2023 Annual Disability Statistics Compendium
Section 6: Poverty
This section presents statistics on poverty in the United States. The statistics describe the number and percentage of people with and without disabilities who experience poverty as well as the difference between the poverty rates of people with and without disabilities (poverty gap). The principal source of these data is the American Community Survey. For these tables, statistics for people with disabilities (disability status) are based on having responded ‘yes’ to a series of questions within the American Community Survey (see the glossary for details). Poverty is defined by the U.S. Office of Management and Budget and set as a dollar threshold by the U.S. Census Bureau (see the glossary for details).
Tables 6.1 and 6.2: In 2021, of the 21,375,164 individuals with disabilities ages 18-64 years who were living in the community, 5,420,980 individuals lived in poverty—a poverty rate of 25.4 percent. In contrast, of the 177,527,241 individuals without disabilities ages 18-64 years living in the community, 21,009,430 individuals lived in poverty—a poverty rate of 11.8 percent. The poverty rate for people with disabilities was highest in the District of Columbia (37.8 percent) and lowest in New Hampshire (18.6 percent).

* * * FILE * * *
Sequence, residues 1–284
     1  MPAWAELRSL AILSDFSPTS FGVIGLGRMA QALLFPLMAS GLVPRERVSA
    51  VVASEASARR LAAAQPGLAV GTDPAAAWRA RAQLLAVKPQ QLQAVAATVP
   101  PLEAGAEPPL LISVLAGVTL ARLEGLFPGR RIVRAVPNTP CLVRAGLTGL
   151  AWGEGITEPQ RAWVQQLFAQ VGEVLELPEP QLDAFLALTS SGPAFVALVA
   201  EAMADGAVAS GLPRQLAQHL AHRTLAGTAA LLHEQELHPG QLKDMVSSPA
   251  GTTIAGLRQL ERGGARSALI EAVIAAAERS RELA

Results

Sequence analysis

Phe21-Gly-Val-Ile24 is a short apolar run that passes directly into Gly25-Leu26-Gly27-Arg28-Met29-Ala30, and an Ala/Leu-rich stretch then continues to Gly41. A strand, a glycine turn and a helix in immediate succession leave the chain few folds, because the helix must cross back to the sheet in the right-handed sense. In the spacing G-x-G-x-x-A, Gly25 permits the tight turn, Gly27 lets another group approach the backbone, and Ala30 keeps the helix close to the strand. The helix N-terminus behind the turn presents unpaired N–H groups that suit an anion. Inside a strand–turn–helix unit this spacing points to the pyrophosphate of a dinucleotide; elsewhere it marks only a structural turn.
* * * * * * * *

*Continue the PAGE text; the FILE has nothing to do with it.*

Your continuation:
Table 6.3: In 2021, the poverty rate of individuals with disabilities ages 18-64 years living in the community was 25.4 percent, while the poverty rate of individuals without disabilities ages 18-64 years living in the community was 11.8 percent—a difference of 13.6 percentage points. The poverty gap was smallest in Idaho (a difference of 8.4 percentage points) and greatest in Maine (a difference of 23.2 percentage points).